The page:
11 December 2015

Perma Hedge, the cousin of fake Christmas trees

Do you know that there's a product out there called Perma Hedge? It's the green fuzzy plastic stuff that's supposed to make a chain link fence look like a perfect trimmed up evergreen hedge.


I don't know why I even know that, but whenever I drive by one, I need to sing out Perma Hedge.

I digress. I read a wonderful book recently, called My Grandmother Asked Me to Tell You She's Sorry. It's comic, anarchic, tragic, fantastic, eccentric, and wildly imaginative with a truly compelling voice. And, circling back to Perma Hedge, there's a wonderful passage about Christmas trees:

Mum, of course, was very angry at Granny about the whole plastic tree thing, because she likes the smell of a real spruce tree and always said that the plastic tree was something Granny had duped Elsa about. Because it was Granny who had told Elsa about the Christmas tree dance in Miamas, and no one who's heard that story wants to have a spruce tree that someone has amputated and sold into slavery. In Miamas, spruce trees are living, thinking creatures with--considering that they're coniferous trees--an unaccountably strong interest in home design.

They don't live in the forest but in the southern districts of Miamas, which have become quite trendy in recent years, and they often work in the advertising industry and wear scarves indoors. And once every year, soon after the first snow has fallen, all the spruce trees gather in the big square below the castle and compete for the right to stay in someone's house over Christmas. The spruce trees choose the houses, not the other way round, and the choice is decided by a dance competition. In the olden days they used to have duels about it, but spruce trees are generally such bad shots that it used to take forever. So now they do spruce dancing, which looks a bit unusual, because spruce trees don't have feet. And if a non-spruce tree wants to imitate a dancing spruce tree, they just jump up and down. It's quite handy, particularly on a crowded dance floor.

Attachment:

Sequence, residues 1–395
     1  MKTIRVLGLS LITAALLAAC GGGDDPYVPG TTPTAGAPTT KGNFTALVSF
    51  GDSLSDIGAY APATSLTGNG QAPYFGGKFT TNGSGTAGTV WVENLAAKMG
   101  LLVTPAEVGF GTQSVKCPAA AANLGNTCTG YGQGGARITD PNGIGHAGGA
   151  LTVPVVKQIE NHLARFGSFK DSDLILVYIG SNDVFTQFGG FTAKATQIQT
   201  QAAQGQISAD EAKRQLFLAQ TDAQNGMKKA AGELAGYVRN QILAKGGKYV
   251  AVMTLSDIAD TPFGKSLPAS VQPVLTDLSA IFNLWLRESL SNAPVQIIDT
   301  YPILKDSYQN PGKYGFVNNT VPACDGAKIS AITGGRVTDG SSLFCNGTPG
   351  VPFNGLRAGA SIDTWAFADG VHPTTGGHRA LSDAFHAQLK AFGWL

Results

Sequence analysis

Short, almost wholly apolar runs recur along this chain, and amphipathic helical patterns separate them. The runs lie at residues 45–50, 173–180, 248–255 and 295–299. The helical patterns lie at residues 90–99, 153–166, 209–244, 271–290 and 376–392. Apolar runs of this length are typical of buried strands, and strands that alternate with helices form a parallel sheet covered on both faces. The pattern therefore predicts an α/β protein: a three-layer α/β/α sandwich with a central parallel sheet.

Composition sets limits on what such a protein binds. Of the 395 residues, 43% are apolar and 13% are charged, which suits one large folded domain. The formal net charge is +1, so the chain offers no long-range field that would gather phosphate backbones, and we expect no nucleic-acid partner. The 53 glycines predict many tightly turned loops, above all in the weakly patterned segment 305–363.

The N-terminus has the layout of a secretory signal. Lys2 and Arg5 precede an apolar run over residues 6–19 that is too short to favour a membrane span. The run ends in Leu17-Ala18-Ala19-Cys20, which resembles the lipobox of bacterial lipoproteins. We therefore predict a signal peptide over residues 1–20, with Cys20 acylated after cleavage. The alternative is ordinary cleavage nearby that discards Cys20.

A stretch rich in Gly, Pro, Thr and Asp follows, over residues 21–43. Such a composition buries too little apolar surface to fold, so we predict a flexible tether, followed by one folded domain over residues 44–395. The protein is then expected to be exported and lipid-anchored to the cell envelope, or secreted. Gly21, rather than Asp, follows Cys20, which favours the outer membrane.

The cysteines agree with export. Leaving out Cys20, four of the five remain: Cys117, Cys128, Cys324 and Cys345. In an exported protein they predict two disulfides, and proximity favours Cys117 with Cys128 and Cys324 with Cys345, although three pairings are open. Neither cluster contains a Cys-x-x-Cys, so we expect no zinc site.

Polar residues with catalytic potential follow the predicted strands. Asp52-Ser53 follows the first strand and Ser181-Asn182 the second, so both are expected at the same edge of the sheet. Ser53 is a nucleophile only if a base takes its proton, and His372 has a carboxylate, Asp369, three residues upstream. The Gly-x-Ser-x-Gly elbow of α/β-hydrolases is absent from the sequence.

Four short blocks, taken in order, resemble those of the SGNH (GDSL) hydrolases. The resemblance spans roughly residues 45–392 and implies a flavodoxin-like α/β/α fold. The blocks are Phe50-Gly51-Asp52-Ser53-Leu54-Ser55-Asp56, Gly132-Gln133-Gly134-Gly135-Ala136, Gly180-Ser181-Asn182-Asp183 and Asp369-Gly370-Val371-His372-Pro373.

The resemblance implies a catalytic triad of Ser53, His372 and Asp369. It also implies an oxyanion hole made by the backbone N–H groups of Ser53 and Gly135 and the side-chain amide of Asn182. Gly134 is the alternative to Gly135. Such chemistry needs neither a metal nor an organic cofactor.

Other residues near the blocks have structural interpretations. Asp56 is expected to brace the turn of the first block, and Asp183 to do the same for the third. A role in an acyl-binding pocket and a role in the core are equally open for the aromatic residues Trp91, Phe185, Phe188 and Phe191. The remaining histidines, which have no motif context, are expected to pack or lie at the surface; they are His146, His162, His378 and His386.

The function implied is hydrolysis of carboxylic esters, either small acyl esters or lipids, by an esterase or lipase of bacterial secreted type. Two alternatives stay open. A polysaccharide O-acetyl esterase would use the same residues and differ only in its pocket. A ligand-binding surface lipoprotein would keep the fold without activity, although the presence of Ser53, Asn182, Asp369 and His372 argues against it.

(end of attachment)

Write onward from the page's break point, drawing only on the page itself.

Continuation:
Doesn't that make you wonder about the sentient quality of your Fraser fir, your blue spruce, your Scotch pine? Mine's been standing in the corner of the living room since Sunday, dark and naked, because I've not mustered the time or energy to drag the boxes of lights and ornaments out of the cellar. I imagine that the tree is feeling morose; it's contributing nothing to home design, and has been completely neglected since we winched it into its stand, not to mention the fact that it was brutally cut down and hauled miles away from its friends and neighbors.

If I keep this up, I'm going to be morose.

Here's to Christmas trees, decorated with abandon, redolent of pine, lit with love and little white lights.

3 comments:

liz said...

This is beautiful.

Janet Spering said...

You read the best books :-) Hope the spirit gets you soon! Want a Christmas card from Dave and me?

Maggie said...

I'm learning about Christmas trees in different cultures. Growing up in upstate New York, my mother always insisted we get Douglas Fir trees. I remember when the tree would arrive, and sit untrimmed for a day or so, how I'd bury my head deeply in its bows and inhale the scent. Later, living in France, you could buy trees of all sizes but a lot of them Charlie Brown styled, and they were sold easily (though pricey) at every florist and also perfumed the room with Christmas scent and spirit. Here in Spain, well, in Barcelona, finding a large tree takes sleuthing and voyaging around the city. And this year, our third Christmas here, I'm once again disappointed that the tree we finally procured, like all the others here, has absolutely no scent whatsoever. Why don't fir trees in Spain smell like Christmas?

A bit of a tree rant. But anyway, a merry one to you -- thanks for your musings all year long. They inspire, amuse and touch me --